Category Archives: Literary Awards

No longer the ‘smart state’ or Axing the Qld Premier’s Lit Awards in the National Year of Reading

‘There will be no net loss to Arts funding under a government I lead’ is basically what Campbell Newman and the LNP team promised during the recent Queensland state election.

Within two weeks of taking office they have broken that promise.

The awards that gave us stories like Rabbit Proof Fence are no more.

Late yesterday, word spread through social media that the premiere literary awards in Queensland, the Queensland Premier’s Literary Awards, are being axed as part of ‘cost-saving’ measures — (updated) during the National Year of Reading and Aussie Author Month too.

They have not yet mentioned where the approximate $250,000 saving will go.

One pundit helpfully pointed out that this amount of money would pay for 37.5cm (or about a foot) of the Clem7 tunnel.

CEO of Queensland Writers Centre Kate Eltham is leading the push for the savings to be re-invested into emerging writing.

Call me cynical, but I doubt that this will happen.

It feels more like a not-very-stealthy way of gutting government funding for the Arts in Queensland. Something the sector has had severe misgivings about for more than a year now as the prospect of the LNP government became more real.

As John Birmingham put it this morning, it feels more mean-spirited than anything.

I was born in Queensland and grew up in the 1980s with an American father who continually pointed out how ‘backwards’ Queensland was.

Yet, in a country school that prioritised all forms of sport over the arts, I received a cultural award named after the politician who became the Police Minister in the aftermath of the Fitzgerald Inquiry and was later a Queensland Premier (albeit for only 73 days), Russell Cooper.

I then went on to achieve an honours degree with a creative writing thesis and have since picked up a book contract in non-fiction; Australian military history no less.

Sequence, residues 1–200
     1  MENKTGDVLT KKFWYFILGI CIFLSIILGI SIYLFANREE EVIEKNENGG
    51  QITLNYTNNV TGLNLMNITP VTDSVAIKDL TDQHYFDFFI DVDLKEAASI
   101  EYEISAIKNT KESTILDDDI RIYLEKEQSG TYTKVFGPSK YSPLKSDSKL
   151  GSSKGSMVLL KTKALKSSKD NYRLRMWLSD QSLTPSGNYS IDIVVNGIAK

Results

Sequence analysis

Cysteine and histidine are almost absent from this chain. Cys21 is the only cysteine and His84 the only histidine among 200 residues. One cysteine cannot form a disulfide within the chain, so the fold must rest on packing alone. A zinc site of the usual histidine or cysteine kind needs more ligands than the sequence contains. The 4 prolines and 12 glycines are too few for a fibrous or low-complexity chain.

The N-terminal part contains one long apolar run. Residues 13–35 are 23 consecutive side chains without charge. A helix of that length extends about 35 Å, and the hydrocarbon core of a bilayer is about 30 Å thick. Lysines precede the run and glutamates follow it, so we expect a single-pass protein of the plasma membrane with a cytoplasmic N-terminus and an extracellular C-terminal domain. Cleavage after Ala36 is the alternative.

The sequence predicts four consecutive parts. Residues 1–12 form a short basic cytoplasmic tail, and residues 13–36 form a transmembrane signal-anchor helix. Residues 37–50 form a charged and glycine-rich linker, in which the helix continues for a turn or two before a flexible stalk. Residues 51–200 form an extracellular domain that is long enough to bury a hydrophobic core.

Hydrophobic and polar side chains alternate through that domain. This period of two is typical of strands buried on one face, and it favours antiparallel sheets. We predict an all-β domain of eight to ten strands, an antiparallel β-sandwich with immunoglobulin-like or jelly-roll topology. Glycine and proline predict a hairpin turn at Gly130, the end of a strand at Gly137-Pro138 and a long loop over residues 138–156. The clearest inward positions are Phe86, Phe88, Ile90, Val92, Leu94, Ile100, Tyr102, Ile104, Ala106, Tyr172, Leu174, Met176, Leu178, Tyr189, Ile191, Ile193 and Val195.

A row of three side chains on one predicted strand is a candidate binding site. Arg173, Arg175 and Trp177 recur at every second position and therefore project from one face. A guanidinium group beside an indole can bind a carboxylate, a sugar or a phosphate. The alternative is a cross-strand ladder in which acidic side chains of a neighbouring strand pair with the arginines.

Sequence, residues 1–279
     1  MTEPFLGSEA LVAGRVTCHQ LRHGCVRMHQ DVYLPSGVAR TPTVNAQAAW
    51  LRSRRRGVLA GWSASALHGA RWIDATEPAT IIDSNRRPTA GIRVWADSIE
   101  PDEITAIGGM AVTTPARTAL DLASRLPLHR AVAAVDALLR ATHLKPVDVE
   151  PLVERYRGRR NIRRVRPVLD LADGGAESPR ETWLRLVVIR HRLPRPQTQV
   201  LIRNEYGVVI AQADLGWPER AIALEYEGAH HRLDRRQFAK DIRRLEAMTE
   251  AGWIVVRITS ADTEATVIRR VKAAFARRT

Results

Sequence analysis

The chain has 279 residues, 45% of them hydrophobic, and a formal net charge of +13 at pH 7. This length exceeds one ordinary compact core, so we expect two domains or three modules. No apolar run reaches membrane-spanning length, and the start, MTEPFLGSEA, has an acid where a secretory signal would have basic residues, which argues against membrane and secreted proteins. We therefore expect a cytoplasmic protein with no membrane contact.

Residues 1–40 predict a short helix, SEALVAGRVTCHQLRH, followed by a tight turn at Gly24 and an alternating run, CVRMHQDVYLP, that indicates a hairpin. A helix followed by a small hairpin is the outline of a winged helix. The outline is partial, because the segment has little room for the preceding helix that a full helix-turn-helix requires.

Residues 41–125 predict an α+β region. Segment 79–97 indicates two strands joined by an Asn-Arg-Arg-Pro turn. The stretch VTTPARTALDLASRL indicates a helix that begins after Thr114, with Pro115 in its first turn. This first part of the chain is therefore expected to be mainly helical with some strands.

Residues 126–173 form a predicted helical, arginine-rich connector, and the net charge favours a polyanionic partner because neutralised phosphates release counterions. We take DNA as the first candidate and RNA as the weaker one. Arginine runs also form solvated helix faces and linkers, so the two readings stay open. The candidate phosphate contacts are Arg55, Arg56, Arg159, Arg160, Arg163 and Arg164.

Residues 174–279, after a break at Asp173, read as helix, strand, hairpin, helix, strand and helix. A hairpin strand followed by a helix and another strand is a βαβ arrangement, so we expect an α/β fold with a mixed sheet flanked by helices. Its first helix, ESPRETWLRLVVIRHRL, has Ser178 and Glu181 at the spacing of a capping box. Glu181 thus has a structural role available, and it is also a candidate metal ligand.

So, my heart drops and my insides are turned out by this announcement.

I see the hope that a state which recently prided itself on competing with the Prime Minister to host the richest literary prize in the country being squashed.

The loss of an award with 14 categories that crossed the writing spectrum — poetry, short and long fiction, non-fiction,  history, science, advancing public debate, children’s and young adult, scriptwriting for  film, drama and television, for established, new and indigenous writers —  is a devastating blow to creative practice and cultural enrichment in Queensland and Australia.


**UPDATE (about no. 17)**

Wrap-up of coverage:

Things you can do:


** What do you think about Campbell Newman’s economic decision-making so far? **




A Wrap-up of Australian Non-fiction Award Winners in 2011

It’s that time of year: where news outlets produce copious montages and interviews reflecting on the year that has been, while individually we wonder what happened to the new year’s resolution we made more than eleven months ago.

In the spirit of the season, and to help raise the profile of the craft of non-fiction writing generally, let’s review the non-fiction winners of 12 of Australia’s literary and history prizes and awards for 2011.

The list is generally dominated by biographies and autobiographies of historians, architects, sports people, politicians and migrants, as well as stories of communities affected by cultural challenges and tragic events.

So, the non-fiction book award winners for 2011 are (in chronological order of announcements, starting with the most recent) *drum roll*: